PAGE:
Destination: Antarctic Peninsula Cruises
Starting at: $12,995
This cruise offers you the best of both the east and west side of the Antarctic Peninsula. Visit lively penguin rookeries, see massive glaciers and be one of the few to see the seldom-visited east side of the peninsula—all in one cruise!Contact us about this trip Share
• Available on new reservations only
• Not available on Triple Cabin categories
• Registration must be made by December 2, 2013
• Full payment may be required when you register
• Discount applies to voyage only and is not applicable on adventure options, hotels, etc.
• TravelWild Expeditions reserves the right to limit, change or discontinue this offer at any time without notice
Luxury Expeditions Ships
|TRIPLE CLASSIC||MAIN DECK SUITE||CLASSIC SUITE||SUPERIOR SUITE||DELUXE SUITE||PREMIUM SUITE||OWNER'S SUITE|
|Jan 24, 2014 - Feb 7, 2014||$12,995||$14,395||$15,595||$16,795||$19,995||$21,795||$26,995|
Your Antarctic adventure begins with an overnight stay in the southernmost city in the world—Ushuaia, Argentina. If you arrive early, there are plenty of outdoor activities to enjoy around the Tierra del Fuego archipelago; the city also offers a wide range of shops for dining and shopping.
Today you join your ship and head south towards Antarctica! Named for the British ship HMS Beagle, the Beagle Channel will be your gateway to the south, charming you with an abundance of birdlife. You'll likely spot penguins, cormorants, petrels, and black-browed albatross here. Once through the channel you'll say goodbye to land and prepare to spend your first night at sea.
The Drake Passage, named after Sir Francis Drake, is the legendary body of water that separates South America and Antarctica. Smooth or rough, the crossing of the Drake is a rite of passage for any true Antarctic adventurer. These two days will give you time to get to know the Expedition Team and your fellow shipmates while participating in educational programs onboard.
After a couple of days at sea, you'll finally arrive at the Antarctic Peninsula. You can expect icebergs to become a more common occurrence as we approach land and make our way along the western coast of the Peninsula. Possible landing sites include Melchiors, Wilhelmina Bay, Cuverville Island and Orne Harbour. Glaciers, penguin colonies and breaching humpback whales will highlight your days, while friendly seals are plentiful in these waters as well. You can also expect to encounter what is arguably the most formidable Antarctic predator—the fearless leopard seal.
Having sailed northwards along the Peninsula you will begin your passage through the Antarctic Sound. This stretch of water separates the western side of the Peninsula from the Weddell Sea and is riddled with huge pieces of ice emanating from the Larsen Ice Shelf, so have your cameras ready!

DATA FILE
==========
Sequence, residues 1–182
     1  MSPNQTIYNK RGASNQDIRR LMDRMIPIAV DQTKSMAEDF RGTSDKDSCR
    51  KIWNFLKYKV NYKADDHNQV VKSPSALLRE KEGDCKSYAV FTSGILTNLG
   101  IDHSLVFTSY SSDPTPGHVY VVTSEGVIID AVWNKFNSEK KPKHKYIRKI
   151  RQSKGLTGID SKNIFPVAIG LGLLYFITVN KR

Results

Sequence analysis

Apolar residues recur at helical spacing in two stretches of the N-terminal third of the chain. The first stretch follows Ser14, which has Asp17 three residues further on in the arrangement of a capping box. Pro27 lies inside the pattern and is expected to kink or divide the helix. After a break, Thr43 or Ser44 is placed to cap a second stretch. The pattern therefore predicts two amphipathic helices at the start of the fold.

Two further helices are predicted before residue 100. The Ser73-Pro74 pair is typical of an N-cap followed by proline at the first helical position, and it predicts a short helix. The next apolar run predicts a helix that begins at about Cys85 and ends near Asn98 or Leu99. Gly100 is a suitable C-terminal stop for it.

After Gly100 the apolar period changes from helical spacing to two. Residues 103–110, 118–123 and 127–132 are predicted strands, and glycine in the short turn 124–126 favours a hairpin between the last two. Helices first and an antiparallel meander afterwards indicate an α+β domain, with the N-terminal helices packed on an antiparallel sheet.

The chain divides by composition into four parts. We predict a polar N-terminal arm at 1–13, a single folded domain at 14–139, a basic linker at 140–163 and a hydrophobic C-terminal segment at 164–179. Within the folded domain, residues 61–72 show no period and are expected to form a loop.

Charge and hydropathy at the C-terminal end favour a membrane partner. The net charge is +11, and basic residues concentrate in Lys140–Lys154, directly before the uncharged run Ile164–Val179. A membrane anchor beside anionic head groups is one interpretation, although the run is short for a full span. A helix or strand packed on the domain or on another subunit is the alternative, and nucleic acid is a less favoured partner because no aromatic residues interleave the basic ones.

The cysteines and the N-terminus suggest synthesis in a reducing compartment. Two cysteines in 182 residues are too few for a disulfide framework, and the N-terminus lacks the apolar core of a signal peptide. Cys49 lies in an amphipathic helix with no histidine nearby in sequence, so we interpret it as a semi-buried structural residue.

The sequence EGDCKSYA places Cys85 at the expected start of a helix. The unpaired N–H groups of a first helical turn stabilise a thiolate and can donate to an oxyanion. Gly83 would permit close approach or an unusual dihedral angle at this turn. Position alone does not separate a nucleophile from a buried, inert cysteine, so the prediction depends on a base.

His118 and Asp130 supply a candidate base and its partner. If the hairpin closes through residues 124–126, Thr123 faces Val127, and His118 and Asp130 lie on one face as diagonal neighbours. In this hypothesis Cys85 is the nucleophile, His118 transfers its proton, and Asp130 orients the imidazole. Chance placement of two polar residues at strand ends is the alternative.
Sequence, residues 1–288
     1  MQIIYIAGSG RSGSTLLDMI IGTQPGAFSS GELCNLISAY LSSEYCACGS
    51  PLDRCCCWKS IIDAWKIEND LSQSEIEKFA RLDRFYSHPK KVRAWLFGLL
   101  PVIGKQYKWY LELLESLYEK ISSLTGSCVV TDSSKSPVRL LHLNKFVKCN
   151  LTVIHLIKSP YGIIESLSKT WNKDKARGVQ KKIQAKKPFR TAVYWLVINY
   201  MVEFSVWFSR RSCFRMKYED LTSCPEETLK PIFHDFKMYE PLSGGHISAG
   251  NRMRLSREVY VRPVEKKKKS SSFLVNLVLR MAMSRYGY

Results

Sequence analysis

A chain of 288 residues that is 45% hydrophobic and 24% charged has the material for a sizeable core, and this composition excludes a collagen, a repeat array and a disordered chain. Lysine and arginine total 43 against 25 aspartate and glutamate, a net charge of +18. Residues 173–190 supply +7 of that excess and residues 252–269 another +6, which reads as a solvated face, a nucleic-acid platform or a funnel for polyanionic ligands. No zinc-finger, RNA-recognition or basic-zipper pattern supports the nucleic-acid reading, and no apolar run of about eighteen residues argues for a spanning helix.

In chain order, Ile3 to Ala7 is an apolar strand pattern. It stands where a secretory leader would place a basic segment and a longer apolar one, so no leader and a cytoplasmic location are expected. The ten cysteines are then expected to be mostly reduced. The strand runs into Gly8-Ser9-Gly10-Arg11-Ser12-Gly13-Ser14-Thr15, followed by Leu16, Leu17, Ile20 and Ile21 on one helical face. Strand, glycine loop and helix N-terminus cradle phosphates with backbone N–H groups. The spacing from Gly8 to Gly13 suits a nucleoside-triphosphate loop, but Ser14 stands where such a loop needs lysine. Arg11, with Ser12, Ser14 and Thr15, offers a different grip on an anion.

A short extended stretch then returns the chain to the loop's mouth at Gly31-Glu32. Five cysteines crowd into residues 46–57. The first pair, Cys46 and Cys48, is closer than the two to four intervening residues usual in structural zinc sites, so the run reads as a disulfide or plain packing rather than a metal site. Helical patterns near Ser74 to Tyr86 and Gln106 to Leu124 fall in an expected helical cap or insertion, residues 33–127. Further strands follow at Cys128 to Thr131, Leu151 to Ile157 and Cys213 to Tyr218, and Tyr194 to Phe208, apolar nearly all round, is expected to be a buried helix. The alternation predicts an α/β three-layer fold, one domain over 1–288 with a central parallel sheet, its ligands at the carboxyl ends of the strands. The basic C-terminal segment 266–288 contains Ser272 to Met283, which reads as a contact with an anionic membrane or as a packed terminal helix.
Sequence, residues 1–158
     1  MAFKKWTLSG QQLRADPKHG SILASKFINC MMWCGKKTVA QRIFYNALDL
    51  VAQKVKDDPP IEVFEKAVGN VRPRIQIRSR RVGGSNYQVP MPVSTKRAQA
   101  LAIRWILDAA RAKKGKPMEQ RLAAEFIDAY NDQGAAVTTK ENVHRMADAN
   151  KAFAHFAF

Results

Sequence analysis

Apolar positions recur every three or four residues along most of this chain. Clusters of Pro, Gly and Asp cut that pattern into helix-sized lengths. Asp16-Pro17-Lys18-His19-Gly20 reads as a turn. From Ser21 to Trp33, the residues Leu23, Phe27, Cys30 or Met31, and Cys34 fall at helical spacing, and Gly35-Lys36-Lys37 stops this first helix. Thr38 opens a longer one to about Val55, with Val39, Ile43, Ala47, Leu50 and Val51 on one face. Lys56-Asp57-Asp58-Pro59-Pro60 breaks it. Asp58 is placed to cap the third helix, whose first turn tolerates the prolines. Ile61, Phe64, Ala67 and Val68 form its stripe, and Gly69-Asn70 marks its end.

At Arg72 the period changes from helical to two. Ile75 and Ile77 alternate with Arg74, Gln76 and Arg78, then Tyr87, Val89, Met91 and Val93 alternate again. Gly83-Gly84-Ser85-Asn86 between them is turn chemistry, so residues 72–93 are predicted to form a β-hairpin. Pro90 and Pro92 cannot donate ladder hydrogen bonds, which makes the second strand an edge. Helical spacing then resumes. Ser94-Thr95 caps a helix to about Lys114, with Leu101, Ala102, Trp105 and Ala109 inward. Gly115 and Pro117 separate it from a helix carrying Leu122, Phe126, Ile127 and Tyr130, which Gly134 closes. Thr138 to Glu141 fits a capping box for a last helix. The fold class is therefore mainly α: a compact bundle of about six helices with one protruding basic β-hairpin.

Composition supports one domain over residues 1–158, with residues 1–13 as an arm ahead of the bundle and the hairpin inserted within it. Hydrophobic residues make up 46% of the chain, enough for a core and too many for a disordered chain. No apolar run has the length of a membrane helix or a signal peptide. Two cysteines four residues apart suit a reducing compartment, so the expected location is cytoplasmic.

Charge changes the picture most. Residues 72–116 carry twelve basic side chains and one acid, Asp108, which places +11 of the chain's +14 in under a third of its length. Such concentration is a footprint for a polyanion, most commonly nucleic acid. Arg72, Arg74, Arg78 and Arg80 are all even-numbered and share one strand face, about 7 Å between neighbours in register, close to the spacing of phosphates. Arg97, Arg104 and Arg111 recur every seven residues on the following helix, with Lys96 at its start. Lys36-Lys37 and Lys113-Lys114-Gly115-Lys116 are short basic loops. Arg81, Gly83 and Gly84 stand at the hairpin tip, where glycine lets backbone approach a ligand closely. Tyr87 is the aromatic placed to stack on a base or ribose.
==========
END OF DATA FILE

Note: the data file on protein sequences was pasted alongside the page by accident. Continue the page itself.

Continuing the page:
Your Expedition Team will educate you in all things ice, as this sea is home to the world's most impressive floes and tabular icebergs—exponentially bigger and more visually impressive than on the other side of the Peninsula. Antarctic Sound itself offers great places for you to get ashore and stretch your legs at landing sites that are home to nesting Adelie and gentoo penguins. Snow and pintado petrels as well as kelp gulls also call this area home.
Once your ship passes through the Sound, it will be time to venture out by Zodiac to cruise amongst the sea of "ice giants" that float here—among the largest icebergs you're likely to see anywhere. If conditions permit, we'll continue further south to the historic hut on Snow Hill Island, which contains objects from a 1902 Antarctic expedition and now functions as a living museum.
Your journey then turns northwards, with Paulet Island being one of your possible landings. The island is a 350 meter high volcanic cone that juts dramatically out of the sea. You'll discover this island to be a bird and seal paradise. Over 100,000 pairs of Adelie penguins breed here, along with blue-eyed shags, snowy sheathbills and kelp gulls. Fur and Weddell seals haul out onshore here, while leopard seals often hunt offshore.
The South Shetlands will be sure to add variety to your voyage as your time spent in Antarctica comes to a close. Just north of the Peninsula, the South Shetlands offer landings where you can see the vegetation of Antarctica—tiny mosses, lichens and algae. You'll want to give your cameras a final workout here too, as this will be your last day to photograph the seals and penguins of Antarctica.
As you cross the Drake on the way back to Ushuaia, the lecture program continues. Armed with a collection of new memories and stories, reminiscing about the sights and sounds of Antarctica is inevitable. Share photos with your newfound friends, or, weather permitting, spend time on deck and enjoy your last days at sea.
After breakfast aboard the ship, our staff will transfer you and your luggage to the airport for your homeward flights.
PLEASE NOTE: Due to the nature of expedition cruising, itineraries are subject to change due to weather, ice conditions, natural and cultural events, wildlife viewing opportunities and other logistical considerations. In general, a ship's crew will endeavor to complete the itinerary provided, but the ultimate decision lies with the ship's captain and expedition leaders.